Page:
SCCR/40: Communia Statement on the Protection of Broadcasting Organizations

Parisiens en train d'etudier la question turque
No perpetual rights, no rights without exceptions!
Licentie

In our capacity of permanent observers of the WIPO Standing Committee on Copyright and Related Rights (SCCR), we are attending the 40th session of the Committee, which is taking place in a hybrid format of in-person and online participation from 16 to 20 November 2020.

The following is the statement made on behalf of Communia on the protection of broadcasting organizations (Agenda Item 5):

We understand that the draft of the Broadcasting Treaty gives broadcasters perpetual rights over public domain and freely licensed content, which is extremely problematic for users. 

Without this extra layer of rights, these works can be used without restriction, and this freedom should be maintained. 

In addition, we are concerned that the current proposal for exceptions only gives countries the option to extend already existing exceptions to broadcasting signals. Obviously, countries can choose not to exercise that option, and if they opt not to, the Treaty will be creating new obstacles to access to culture and information. 

Exceptions are essential to achieve a balance between the interests of the broadcasting organizations and the public interest. The vision that supra-national instruments should only mandate the introduction of new rights, without imposing adequate exceptions, is outdated and turns a blind eye to the fact that copyright can prevent the exercise of fundamental freedoms. 

It is about time for this Committee to align itself with the knowledge produced by its academics and by its courts, which have over and over again referred to the need for a balanced view of copyright.

The Treaty should include a broad provision like the one contained in the Regional Comprehensive Economic Partnership Agreement, which makes it mandatory for each Party to provide an appropriate balance in its copyright system, including by means of exceptions for legitimate purposes. In addition, it should have a minimum set of mandatory exceptions, namely for the uses already required by other copyright treaties.

Thank you.

SCCR/37: Communia statement on the protection of broadcasting organizations

A woman shouting into a man's ear-trumpet. Wood engraving.
No new rights without exceptions
Licentie

In our capacity of permanent observers of the WIPO Standing Committee on Copyright and Related Rights, we are attending the 37th session of the Committee, which is taking place in Geneva from 26 to 30 November 2018.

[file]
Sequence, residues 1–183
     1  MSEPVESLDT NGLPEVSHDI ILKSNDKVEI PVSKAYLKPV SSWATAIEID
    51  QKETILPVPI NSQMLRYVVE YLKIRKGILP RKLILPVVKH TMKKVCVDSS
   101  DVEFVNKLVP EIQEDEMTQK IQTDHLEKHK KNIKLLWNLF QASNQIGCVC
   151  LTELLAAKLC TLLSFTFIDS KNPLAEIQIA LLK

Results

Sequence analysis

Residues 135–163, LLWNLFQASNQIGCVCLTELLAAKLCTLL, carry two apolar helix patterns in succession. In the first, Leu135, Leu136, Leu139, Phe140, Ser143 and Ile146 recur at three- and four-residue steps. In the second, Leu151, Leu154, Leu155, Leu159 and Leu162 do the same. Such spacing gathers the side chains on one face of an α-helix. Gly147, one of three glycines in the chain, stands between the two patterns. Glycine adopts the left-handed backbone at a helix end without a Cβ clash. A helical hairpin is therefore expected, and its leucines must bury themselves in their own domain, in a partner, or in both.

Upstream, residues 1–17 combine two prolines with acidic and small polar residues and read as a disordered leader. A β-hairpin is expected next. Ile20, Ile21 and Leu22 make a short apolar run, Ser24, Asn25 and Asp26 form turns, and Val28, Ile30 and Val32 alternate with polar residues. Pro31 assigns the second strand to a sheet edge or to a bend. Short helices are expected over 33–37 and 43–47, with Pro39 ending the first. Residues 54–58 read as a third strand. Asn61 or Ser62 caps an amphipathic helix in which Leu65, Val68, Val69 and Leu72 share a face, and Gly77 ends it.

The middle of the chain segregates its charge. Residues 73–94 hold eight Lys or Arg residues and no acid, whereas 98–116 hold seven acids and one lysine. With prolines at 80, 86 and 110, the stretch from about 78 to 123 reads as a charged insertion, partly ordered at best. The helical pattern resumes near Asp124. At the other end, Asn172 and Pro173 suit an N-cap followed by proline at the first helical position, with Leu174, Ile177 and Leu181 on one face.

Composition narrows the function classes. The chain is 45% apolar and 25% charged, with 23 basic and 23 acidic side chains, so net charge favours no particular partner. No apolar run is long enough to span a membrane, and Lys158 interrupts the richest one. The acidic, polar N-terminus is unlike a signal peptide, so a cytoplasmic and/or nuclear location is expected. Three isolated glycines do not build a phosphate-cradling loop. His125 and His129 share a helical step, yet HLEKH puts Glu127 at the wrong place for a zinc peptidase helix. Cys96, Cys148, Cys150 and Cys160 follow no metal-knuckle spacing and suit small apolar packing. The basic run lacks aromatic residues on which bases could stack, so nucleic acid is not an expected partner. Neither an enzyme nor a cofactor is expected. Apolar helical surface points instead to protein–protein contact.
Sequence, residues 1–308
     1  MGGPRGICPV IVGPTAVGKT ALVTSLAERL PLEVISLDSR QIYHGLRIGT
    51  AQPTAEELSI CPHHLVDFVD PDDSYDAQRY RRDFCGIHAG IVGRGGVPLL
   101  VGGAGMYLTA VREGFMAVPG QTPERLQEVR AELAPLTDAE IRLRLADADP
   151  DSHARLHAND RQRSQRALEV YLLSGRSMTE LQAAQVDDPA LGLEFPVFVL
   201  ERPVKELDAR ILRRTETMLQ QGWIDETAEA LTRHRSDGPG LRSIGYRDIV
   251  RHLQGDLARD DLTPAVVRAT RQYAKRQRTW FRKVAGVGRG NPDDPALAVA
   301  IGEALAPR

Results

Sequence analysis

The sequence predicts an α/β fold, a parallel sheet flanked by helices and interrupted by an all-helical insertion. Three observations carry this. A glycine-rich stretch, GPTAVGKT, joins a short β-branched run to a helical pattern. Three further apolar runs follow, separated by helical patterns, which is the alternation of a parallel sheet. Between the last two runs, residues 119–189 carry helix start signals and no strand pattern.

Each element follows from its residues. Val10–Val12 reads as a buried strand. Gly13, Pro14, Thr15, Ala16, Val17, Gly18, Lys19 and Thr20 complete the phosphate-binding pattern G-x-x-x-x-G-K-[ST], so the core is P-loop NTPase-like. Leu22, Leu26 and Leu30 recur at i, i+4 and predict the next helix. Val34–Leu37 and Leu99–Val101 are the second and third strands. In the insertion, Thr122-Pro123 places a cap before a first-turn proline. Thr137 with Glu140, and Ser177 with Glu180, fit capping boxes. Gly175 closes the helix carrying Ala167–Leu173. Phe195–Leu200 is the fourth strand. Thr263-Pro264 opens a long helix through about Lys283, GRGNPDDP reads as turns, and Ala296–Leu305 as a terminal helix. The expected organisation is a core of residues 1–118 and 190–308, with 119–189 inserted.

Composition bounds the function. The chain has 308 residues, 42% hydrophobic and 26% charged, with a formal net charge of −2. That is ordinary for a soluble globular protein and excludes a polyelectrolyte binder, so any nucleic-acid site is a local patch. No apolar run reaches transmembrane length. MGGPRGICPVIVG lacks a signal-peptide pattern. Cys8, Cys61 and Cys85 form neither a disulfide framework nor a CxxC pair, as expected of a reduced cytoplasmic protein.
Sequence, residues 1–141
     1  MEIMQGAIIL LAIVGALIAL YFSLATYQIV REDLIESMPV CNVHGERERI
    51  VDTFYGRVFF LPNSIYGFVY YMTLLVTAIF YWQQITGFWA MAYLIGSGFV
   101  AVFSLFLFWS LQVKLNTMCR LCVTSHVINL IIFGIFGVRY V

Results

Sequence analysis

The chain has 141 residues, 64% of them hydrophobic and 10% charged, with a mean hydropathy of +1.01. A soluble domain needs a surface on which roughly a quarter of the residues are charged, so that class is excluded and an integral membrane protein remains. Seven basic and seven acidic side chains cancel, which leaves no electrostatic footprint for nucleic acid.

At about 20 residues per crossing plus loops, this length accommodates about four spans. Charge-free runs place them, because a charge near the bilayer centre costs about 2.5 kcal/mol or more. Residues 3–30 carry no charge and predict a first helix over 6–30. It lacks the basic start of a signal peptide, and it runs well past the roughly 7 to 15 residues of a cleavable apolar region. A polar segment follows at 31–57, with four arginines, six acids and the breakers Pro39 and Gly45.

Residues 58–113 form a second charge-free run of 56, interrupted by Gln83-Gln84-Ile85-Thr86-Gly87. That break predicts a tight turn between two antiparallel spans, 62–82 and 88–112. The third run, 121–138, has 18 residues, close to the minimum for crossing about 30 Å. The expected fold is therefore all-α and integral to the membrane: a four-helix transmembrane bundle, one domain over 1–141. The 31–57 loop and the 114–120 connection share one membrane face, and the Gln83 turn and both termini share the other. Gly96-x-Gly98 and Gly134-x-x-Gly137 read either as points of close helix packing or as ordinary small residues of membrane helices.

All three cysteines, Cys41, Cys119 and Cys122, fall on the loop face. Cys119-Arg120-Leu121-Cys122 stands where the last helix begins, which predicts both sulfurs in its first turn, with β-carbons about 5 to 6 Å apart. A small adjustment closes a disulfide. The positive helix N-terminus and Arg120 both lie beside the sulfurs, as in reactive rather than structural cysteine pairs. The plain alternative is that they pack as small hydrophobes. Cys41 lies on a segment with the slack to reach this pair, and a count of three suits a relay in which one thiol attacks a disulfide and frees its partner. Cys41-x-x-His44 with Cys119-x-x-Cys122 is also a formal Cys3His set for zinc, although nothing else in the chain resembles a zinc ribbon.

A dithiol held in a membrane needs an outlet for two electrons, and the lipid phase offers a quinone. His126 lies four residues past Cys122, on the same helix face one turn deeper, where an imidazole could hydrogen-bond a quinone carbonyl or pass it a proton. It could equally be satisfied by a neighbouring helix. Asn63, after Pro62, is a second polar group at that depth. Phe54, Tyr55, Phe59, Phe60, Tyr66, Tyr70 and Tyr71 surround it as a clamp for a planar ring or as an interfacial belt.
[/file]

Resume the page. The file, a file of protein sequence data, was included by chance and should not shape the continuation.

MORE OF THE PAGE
The following is the statement made by Teresa Nobre on our behalf on agenda item 5: Protection of Broadcasting Organizations.Continue reading

SCCR/36: Communia statement on the protection of broadcasting organizations

WIPO SCCR 36
New rights should be accompanied by exceptions
Licentie

In our capacity of permanent observers of the WIPO Standing Committee on Copyright and Related Rights, we are attending the 36th session of the Committee, which is taking place in Geneva from 28 May to 1 June 2018.

The following is the statement made by Teresa Nobre on our behalf on agenda item 5: Protection of Broadcasting Organizations.

I’m speaking on behalf of COMMUNIA International Association on the Digital Public Domain.

We would like to urge this Committee to consider the interests of all relevant stakeholders, when working on agenda item 5.

The discussions on the protection of broadcasting organization have been revolving mainly around the private interests of such organizations and other beneficiaries of copyright.

We consider that the Committee should also engage in discussions aimed at ensuring the protection of the interests of users, namely the global community of educators, learners, researchers and librarians, and also the general Internet users that create user generated content.

Taking these public interests into account includes developing mandatory exceptions and limitations that protect legitimate practices, such as criticism, parody, uses for the purposes of teaching or scientific research, and uses by libraries and other culture heritage institutions. It also requires making clear that the exceptions for broadcasting rights are not less enabling for users than the exceptions that apply to copyright.

Furthermore, protecting users rights implies that the broadcasters are not given rights in works that are in the public domain, or that are openly licensed.

Finally, any treaty granting post fixation rights should foresee that the term of protection of those rights does not in any case extend beyond the term of copyright, in order to give legal certainty to users and to avoid deepening the already complex issue of accessing and using orphan works.  

We look forward to participating in further debates on these issues.

Thank you.